Environmental quality assessment
Springer Online Journal Archives 1860-2000
Energy, Environment Protection, Nuclear Power Engineering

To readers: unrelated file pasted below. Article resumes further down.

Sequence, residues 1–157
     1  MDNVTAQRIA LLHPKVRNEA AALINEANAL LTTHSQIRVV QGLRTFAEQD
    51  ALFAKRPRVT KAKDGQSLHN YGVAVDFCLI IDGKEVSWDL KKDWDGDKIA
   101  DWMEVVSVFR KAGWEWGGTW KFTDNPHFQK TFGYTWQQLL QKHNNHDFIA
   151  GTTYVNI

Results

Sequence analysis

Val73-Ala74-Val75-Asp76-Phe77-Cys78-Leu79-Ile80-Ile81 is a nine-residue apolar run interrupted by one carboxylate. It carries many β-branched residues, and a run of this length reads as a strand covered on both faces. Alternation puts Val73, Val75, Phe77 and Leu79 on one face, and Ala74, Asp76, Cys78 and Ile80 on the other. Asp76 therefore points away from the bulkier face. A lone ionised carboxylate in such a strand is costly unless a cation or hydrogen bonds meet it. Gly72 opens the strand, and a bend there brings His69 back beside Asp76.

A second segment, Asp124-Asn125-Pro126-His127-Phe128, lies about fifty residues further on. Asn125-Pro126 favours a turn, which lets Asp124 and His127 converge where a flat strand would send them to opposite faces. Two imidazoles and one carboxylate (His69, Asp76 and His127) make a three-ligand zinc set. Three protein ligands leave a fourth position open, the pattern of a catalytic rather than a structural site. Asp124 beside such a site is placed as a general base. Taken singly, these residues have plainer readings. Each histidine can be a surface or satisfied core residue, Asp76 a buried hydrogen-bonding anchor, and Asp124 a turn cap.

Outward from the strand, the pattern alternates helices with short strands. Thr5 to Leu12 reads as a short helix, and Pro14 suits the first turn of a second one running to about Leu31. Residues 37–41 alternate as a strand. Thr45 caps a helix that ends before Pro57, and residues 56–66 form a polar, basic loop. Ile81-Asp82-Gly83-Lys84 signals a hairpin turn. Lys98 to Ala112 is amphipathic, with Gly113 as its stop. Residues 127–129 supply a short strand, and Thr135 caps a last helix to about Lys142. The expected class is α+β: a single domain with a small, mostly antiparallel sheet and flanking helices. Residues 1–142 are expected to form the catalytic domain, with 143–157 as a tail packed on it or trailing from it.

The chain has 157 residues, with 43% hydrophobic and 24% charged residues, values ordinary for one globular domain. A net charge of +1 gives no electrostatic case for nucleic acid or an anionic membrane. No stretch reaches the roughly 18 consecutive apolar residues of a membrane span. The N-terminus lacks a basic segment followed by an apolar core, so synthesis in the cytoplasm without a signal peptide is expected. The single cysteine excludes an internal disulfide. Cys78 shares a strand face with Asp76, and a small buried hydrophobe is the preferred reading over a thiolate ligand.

Abstract Environmental quality assessment has to focus more on the quality of whole ecosystems, instead of focusing on the direct effects of a specific stressor, because of a more integrated environmetal policy approach. Yet, how can the ecosystem quality be measured? Partly this is a normative question, a question of what is considered good and bad. At the same time, it is a scientific question, dealing with the problem of low the state of a system as complex as an ecosystem could be measured. Measuring all abiotic and biotic components, not to mention their many relationships, is not feasible. In this article we review several approaches dealing with this scientific question. Three approaches are distinguished; they differ in type of variable set and ecosystem model used. As a result of this, the information about the state of the ecosystem differs: ultimate breadth, comprising information about the whole ecosystem, is at the expense of detail, while ultimate detail is at the expense of breadth. We discuss whether the resultant quality assessments differ in character and are therefore suitable to answer different policy questions.
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